AI for Beginners
The basics of how AI works, and how it can be used
When I say Artificial Intelligence (AI), what comes to mind? Chances are that it’s something about robots taking over the world.
That’s what I thought of the first time I started learning about it just a few years ago. But as I dove deeper into how AI really works, on both a programming and even somewhat of a mathematical level, I realized that AI is nothing like that, and yet so much more.
First, let’s clear something up. What most people think of is Artificial General Intelligence (AGI). It can do everything that humans can do, but even better. But the truth is that we’re not even close to developing one. AI right now comes in the form of Artificial Narrow Intelligence (ANI), which is highly focused. You train it to do a few specific things, and it will train itself to do them really (and I mean really) well. But give it another task, and it will fail miserably. (Believe me. I’ve tried).
To make a program that can work on multiple tasks, you would need to write multiple different AI algorithms into the same program. For an AI that can hypothetically take over the world, this would mean lots of AI algorithms to be coded, which would not only take a long time to write, but also take MASSIVE amounts of processing power to train and run!
But does that make AI any less cool? Not at all! Even if we can’t make a program that can do everything well, we can still make programs that do a few things really well.
How? Let me explain.
So what makes AI so smart? The magical process of machine learning.
In normal programs, the user directly inputs the pattern that the program should use to make decisions. In AI, the machine learning process allows the program to recognize the pattern by itself.
Here’s an example.
Imagine a dataset that provides the average temperature on specific days, and asks for the user to classify each day as freezing, cold, warm, or hot. If someone was to code the program themselves, they would hardcode it so that if the temperature is 0 °C or lower, it would classify it as freezing, and so on and so forth.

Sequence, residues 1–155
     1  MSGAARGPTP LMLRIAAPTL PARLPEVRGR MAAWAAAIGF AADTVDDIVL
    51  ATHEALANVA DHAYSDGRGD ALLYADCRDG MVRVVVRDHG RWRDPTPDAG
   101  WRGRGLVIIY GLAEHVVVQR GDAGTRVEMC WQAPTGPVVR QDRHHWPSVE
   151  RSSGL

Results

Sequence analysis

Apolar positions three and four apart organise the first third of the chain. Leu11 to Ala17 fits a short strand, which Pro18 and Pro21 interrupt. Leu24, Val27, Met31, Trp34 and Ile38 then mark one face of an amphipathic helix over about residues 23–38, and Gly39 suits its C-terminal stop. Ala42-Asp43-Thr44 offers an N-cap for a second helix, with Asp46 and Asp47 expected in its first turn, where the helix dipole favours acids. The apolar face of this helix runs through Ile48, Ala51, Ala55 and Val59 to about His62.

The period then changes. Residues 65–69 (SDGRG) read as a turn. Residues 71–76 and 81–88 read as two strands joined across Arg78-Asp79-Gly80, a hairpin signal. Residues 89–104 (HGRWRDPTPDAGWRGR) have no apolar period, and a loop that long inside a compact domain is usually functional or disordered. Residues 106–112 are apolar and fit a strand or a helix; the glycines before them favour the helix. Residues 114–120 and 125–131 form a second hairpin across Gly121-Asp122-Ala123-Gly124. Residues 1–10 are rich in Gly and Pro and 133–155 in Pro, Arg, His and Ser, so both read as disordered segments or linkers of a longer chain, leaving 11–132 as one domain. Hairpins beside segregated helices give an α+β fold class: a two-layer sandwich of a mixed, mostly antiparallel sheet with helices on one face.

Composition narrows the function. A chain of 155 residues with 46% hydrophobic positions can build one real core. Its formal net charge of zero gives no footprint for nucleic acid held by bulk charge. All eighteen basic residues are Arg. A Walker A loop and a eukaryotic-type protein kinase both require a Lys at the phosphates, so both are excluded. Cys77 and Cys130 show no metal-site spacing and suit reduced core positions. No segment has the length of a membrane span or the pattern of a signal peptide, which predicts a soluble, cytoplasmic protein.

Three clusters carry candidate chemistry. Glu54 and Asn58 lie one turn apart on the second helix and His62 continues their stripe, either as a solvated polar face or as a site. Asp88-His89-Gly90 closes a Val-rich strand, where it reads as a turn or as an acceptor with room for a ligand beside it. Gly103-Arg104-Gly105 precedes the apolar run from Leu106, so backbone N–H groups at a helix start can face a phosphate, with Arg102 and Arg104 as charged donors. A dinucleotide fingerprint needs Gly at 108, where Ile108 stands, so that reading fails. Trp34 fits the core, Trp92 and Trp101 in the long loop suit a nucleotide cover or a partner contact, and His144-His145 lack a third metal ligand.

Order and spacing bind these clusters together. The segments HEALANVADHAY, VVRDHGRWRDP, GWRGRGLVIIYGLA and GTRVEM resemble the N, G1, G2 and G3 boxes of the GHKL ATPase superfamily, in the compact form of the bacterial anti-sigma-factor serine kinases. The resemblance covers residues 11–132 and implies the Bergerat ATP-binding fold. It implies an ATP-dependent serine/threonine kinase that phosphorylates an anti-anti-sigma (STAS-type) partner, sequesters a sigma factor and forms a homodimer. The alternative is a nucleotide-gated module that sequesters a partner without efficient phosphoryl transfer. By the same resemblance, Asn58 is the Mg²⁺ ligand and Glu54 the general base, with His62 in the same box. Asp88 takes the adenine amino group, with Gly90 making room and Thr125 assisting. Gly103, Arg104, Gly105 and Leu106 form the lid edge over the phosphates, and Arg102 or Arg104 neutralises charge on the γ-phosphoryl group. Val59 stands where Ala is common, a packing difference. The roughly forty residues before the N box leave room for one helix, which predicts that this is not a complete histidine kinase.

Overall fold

On the other hand, if the same thing was done in AI, the user would provide a dataset with the temperatures and their correct classifications, which would train the AI to determine the ranges of temperature in each class, by itself.
By updating values of different constants, known as weights and biases, continuously, and then testing its prediction capabilities with the current constants.
You can imagine it like a ball rolling down into a ditch. When it’s at the very top, it will start rolling down the hill slowly. However, as it goes down, it will increase in speed, until it reaches the very bottom. Once here, it will continue going and might start going up the hill on the other side, because of its speed. But as it gets pulled by gravity once again, it will slow and start coming back down to the bottom. It will continue doing this, slowly losing energy, until it finally settles at the bottom of the ditch.
In AI, the ball is the value of the constants, and the bottom of the ditch is their ideal value. As the program trains more and more, it will bring the constants closer to their ideal value. But as it continues going, it will likely overshoot the ideal value. The program would then start changing the constants in the opposite direction. It would keep doing this until the ball has finally settled on the bottom, at which point the constants have the ideal value.
During the decision-making phase, the weights and biases throughout the algorithm are put into an equation (which varies from model to model), which leads to a final output that the program uses as it’s decision.
So, let’s do a recap.
- AI can’t take over the world
- It is highly focused at performing specific tasks
- It uses a process known as machine learning to recognize and learn patterns in its data
Now that we know how AI works on a beginner level, let’s talk about how it can be used.
Artificial intelligence can be applied to essentially every field in our society today. This extends from medicine to autonomous cars, to even military use. Here are two applications that professionals are working on using AI for right now.
- Medical Diagnosis
Today, when you go to the doctor with a problem that can’t be easily diagnosed, there is a chance the doctor might send you to a blood-testing lab or a radiologist.
There, they would take your blood sample, or take MRIs, X-rays, and other forms of images of your body, after which you would be sent home.
In about one or two weeks, your doctor would receive the image or the test reports, after which they would begin analyzing the reports. In about one more week, the doctor would call you in, with a possible diagnosis in mind.
Overall, this is way too much time. For someone who has a broken bone, or is slightly sick, it might be fine. But in hospitals, where patients are in a serious condition, even a minute could mean the difference between life and death.